Tonight at 8 p.m. ET, eight Republican presidential candidates will take the stage at Constitution Hall in Washington, D.C., to tell America where they stand on foreign policy and national security in a special debate hosted by The Heritage Foundation and the American Enterprise Institute, broadcast on CNN and moderated by Wolf Blitzer.
The debate marks the first time that either Heritage or AEI — both nonprofit, nonpartisan research institutes — has sponsored a presidential debate. Businessman Herman Cain, former Massachusetts Governor Mitt Romney, Texas Governor Rick Perry, former Speaker Newt Gingrich, Representatives Ron Paul (TX) and Michele Bachmann (MN), former Governor Jon Huntsman (UT), and former Senator Rick Santorum (PA) will square off, addressing an issue that should be central for these contenders for the White House: Which presidential candidate will best protect our nation and amplify American leadership, and how will they do it?
That question is vitally important for the eight candidates in the spotlight this evening. Ensuring our country’s defense is a fundamental responsibility of the federal government, as set forth in the Constitution. And it is up to the President to take the lead in crafting American foreign policy while also serving as commander in chief of the armed forces.
Over the past weeks, Heritage has highlighted some of the central foreign policy and national security issues confronting America today: the threats to defense spending, a continually rising China, the war in Afghanistan and against terrorism, the failed attempt to “reset” relations with Russia, and the increasingly dangerous, hostile, and emboldened Iran. Each issue poses serious questions and choices for the man or woman who sits in the Oval Office.
This week in particular, defense spending has been in the headlines. Yesterday, the congressional “super committee” that was charged with developing a plan to reduce the federal deficit by more than $1.2 trillion announced its failure. As a result, funding for our military could be in jeopardy, with automatic cuts that Defense Secretary Leon Panetta described as “devastating.” President Obama has already slashed military spending, and Congress cannot solve the overspending problem by gutting defense. How the federal government funds our men and women in uniform is a vital issue that deserves attention.
That funding is necessary for America to adequately guard its interests at home and abroad. But spending is not the only issue. Building the right strategy is just as important to confront America’s challenges abroad. China has increased its defense budget by double digits every year for the last 20 years, while the United States is winding down its defense budget at a similarly rapid pace. Terrorist threats continue to emerge, and the International Atomic Energy Agency recently released a report confirming that Iran has made substantial progress in its nuclear weapons program. Though Osama bin Laden is no more, the gains the United States has made in waging the war in Afghanistan could be squandered if we continue on our plotted course. Likewise, our current posture toward Russia has failed because we have expected more from the Russians than they are willing to give under any circumstance.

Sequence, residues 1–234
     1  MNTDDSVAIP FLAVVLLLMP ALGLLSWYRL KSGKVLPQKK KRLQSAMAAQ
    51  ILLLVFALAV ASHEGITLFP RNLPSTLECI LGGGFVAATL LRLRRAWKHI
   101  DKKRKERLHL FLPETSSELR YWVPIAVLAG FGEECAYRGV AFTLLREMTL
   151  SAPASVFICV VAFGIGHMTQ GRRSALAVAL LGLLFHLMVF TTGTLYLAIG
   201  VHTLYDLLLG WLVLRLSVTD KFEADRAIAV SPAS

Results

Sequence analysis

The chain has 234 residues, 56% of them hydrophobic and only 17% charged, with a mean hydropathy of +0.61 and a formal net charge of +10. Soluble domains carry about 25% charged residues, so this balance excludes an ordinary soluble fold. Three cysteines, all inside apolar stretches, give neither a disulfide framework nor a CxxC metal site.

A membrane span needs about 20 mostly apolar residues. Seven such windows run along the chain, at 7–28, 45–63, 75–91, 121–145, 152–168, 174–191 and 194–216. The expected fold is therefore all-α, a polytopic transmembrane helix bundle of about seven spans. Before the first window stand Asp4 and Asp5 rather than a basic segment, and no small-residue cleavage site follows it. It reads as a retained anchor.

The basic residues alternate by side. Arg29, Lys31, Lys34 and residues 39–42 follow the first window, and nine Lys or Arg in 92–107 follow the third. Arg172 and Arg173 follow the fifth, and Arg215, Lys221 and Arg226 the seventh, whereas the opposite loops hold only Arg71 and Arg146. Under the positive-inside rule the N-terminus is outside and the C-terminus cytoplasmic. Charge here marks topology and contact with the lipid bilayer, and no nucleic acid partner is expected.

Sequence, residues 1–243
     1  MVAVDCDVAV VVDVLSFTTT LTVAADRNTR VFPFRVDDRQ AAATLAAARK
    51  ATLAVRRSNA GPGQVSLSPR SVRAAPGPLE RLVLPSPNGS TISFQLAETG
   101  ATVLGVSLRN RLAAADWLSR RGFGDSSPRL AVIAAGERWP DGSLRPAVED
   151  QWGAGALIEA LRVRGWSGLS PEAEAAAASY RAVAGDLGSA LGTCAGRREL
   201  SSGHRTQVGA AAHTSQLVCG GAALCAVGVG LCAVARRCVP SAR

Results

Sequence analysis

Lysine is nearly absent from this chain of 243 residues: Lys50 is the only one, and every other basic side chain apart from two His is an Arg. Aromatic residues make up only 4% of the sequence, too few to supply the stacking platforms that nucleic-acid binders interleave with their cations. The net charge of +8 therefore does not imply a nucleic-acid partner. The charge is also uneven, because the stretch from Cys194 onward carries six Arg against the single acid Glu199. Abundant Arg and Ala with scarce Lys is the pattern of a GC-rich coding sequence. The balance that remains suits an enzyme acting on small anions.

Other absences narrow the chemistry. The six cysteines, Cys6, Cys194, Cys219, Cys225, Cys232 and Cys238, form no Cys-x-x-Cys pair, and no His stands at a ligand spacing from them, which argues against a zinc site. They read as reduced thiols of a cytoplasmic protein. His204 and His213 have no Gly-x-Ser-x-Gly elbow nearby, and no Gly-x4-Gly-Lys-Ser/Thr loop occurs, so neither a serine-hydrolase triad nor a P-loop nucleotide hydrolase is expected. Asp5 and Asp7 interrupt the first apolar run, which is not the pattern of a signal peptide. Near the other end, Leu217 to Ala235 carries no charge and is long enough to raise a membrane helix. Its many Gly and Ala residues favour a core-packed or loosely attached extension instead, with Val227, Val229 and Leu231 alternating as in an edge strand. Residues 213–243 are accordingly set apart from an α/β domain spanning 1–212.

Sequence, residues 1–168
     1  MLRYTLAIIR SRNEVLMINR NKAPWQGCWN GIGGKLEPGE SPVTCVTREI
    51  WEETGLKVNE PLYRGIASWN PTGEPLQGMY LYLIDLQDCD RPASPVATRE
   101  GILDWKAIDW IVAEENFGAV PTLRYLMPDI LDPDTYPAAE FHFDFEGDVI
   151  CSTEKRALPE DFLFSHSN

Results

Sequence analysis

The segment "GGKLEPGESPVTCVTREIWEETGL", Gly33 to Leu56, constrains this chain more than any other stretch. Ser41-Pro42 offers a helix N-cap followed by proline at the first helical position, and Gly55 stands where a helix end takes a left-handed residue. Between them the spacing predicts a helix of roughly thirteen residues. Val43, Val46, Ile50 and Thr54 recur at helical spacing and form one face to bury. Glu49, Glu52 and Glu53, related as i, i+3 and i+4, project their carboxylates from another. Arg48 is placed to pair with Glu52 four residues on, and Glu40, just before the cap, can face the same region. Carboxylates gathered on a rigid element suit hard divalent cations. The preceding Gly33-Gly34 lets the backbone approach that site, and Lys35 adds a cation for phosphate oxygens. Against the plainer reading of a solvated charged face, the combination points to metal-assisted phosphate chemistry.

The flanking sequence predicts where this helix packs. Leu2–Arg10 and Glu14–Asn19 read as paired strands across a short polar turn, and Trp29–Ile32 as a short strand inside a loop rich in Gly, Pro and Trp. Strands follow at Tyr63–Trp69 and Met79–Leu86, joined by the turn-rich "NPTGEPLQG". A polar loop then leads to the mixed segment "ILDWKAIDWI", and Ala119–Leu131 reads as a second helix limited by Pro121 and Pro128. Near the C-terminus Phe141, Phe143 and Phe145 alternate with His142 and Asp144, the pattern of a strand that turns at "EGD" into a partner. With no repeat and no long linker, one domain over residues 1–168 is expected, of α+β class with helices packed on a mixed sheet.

Tonight, the eight Republican presidential candidates will have an opportunity to address questions surrounding these issues and how they would conduct American foreign policy and national defense. Join us as we watch the debate tonight at 8 p.m ET. Learn more about the issues and read our post-debate reaction and analysis at our blog, Foundry.org. Follow our Twitter account (@heritage) for real-time updates about the debate and the issues. Throughout the day and during the debate, join the discussion on Facebook with our more than 388,000 fans. We want to hear from you and what you think.
The U.S. Constitution creates a government of the people to, among other things, “provide for the common defence.” The Founding Fathers believed this to be one of the fundamental responsibilities of the federal government, and they agreed that when America was threatened, the nation had to respond clearly and forcefully. It follows that the President of the United States must play a central role in executing this responsibility. We hope that tonight the eight Republican presidential candidates address the serious question of how they would carry out that duty, and we invite you to join us in watching and discussing this important debate.
The Republican presidential debate will air nationally tonight at 8 p.m. Eastern Time on CNN and CNN en Español and worldwide on CNN International, CNN Radio, and CNN.com.